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Anesthesiology. 2009 May;110(5):1092-7. doi: 10.1097/ALN.0b013e31819db2a1.

Influence of respiratory rate on stroke volume variation in mechanically ventilated patients.

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  • 1Department of Intensive Care, Erasme University Hospital, Brussels, Belgium. ddebacke@ulb.ac.be



Heart-lung interactions are used to evaluate fluid responsiveness in mechanically ventilated patients, but these indices may be influenced by ventilatory conditions. The authors evaluated the impact of respiratory rate (RR) on indices of fluid responsiveness in mechanically ventilated patients, hypothesizing that pulse pressure variation and respiratory variation in aortic flow would decrease at high RRs.


In 17 hypovolemic patients, thermodilution cardiac output and indices of fluid responsiveness were measured at a low RR (14-16 breaths/min) and at the highest RR (30 or 40 breaths/min) achievable without altering tidal volume or inspiratory/expiratory ratio.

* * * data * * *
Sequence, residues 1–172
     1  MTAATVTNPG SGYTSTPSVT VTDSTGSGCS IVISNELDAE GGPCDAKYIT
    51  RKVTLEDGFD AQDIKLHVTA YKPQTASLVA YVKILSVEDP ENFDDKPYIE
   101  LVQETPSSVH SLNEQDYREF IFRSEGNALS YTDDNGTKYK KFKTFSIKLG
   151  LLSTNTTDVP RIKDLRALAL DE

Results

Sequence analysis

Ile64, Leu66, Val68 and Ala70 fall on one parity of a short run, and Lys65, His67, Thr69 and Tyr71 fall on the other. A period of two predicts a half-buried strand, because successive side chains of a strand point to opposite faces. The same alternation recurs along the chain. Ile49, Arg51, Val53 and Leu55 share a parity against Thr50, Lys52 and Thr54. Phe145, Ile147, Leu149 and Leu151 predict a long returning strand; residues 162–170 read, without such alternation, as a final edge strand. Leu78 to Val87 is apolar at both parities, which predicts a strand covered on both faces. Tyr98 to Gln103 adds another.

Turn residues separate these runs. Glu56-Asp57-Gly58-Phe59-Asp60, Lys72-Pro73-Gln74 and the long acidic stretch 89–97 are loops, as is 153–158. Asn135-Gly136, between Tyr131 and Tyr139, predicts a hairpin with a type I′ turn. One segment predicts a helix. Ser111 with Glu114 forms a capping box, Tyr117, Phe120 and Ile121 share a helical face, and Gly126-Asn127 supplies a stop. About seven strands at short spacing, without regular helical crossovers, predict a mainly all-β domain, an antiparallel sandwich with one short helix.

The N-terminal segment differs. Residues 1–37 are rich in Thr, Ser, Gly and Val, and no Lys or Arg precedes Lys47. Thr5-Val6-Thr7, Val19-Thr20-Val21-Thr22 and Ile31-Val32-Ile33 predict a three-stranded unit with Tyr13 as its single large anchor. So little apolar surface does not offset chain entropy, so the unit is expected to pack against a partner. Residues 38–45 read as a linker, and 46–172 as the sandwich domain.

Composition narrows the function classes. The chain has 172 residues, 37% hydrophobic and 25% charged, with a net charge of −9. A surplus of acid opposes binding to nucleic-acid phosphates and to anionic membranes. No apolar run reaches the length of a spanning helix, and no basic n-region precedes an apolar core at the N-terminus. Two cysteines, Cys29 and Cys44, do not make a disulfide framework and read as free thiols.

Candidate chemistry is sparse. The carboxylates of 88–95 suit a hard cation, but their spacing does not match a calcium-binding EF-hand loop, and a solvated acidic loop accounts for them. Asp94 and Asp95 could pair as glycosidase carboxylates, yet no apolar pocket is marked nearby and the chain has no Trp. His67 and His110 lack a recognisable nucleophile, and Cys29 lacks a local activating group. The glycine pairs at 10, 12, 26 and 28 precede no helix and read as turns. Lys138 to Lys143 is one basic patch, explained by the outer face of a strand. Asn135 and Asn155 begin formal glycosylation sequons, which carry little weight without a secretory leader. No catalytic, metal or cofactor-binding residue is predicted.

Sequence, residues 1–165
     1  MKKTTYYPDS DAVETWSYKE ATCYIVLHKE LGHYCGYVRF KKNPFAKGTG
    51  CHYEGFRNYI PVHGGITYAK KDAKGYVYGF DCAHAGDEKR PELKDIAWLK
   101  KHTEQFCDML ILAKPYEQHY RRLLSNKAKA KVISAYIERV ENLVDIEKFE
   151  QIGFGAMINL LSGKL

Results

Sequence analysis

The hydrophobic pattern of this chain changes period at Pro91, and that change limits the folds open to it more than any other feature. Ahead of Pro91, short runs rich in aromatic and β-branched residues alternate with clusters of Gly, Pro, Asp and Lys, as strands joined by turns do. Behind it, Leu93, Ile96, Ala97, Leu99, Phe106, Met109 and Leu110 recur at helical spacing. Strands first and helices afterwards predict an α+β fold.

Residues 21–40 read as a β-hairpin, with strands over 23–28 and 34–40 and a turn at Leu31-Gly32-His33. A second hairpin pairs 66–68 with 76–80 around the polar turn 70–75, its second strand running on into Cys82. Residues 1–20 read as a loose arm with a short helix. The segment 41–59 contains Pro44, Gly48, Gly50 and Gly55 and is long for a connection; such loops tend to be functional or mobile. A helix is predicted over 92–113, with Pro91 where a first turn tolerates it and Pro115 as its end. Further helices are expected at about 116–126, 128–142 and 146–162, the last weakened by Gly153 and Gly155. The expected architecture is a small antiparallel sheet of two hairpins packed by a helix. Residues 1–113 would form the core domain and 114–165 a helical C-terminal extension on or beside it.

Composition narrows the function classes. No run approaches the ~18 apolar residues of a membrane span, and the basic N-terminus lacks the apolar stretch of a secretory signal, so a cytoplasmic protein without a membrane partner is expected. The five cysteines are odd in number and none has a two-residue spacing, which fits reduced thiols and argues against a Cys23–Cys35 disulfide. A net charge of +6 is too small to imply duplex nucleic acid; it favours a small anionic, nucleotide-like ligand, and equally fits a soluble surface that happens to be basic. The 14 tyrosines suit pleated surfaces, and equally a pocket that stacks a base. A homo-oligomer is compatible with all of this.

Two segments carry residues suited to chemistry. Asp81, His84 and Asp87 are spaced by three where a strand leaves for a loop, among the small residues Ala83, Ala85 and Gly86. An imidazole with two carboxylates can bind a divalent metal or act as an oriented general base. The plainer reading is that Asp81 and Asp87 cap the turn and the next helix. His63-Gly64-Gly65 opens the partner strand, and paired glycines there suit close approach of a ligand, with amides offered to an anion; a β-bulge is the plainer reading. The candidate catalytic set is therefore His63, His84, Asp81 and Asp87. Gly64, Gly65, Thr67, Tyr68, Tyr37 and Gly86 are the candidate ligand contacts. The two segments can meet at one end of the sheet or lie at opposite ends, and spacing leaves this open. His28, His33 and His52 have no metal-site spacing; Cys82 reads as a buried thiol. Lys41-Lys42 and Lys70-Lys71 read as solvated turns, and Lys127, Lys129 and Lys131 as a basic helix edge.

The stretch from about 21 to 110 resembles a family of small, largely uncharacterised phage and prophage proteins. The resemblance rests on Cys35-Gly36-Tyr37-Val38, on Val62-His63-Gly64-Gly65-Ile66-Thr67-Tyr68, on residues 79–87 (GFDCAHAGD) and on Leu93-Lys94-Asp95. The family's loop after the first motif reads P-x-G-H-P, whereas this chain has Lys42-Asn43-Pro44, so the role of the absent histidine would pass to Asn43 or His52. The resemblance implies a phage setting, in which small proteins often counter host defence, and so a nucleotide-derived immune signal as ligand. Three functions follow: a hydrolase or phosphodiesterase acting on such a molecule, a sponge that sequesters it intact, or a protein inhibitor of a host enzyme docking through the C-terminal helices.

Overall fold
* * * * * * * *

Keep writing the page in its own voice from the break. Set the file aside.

An increase in RR was accompanied by a decrease in pulse pressure variation from 21% (18-31%) to 4% (0-6%) (P < 0.01) and in respiratory variation in aortic flow from 23% (18-28%) to 6% (5-8%) (P < 0.01), whereas respiratory variations in superior vena cava diameter (caval index) were unaltered, i.e., from 38% (27-43%) to 32% (22-39%), P = not significant. Cardiac index was not affected by the changes in RR but did increase after fluids. Pulse pressure variation became negligible when the ratio between heart rate and RR decreased below 3.6.


Respiratory variations in stroke volume and its derivates are affected by RR, but caval index was unaffected. This suggests that right and left indices of ventricular preload variation are dissociated. At high RRs, the ability to predict the response to fluids of stroke volume variations and its derivate may be limited, whereas caval index can still be used.

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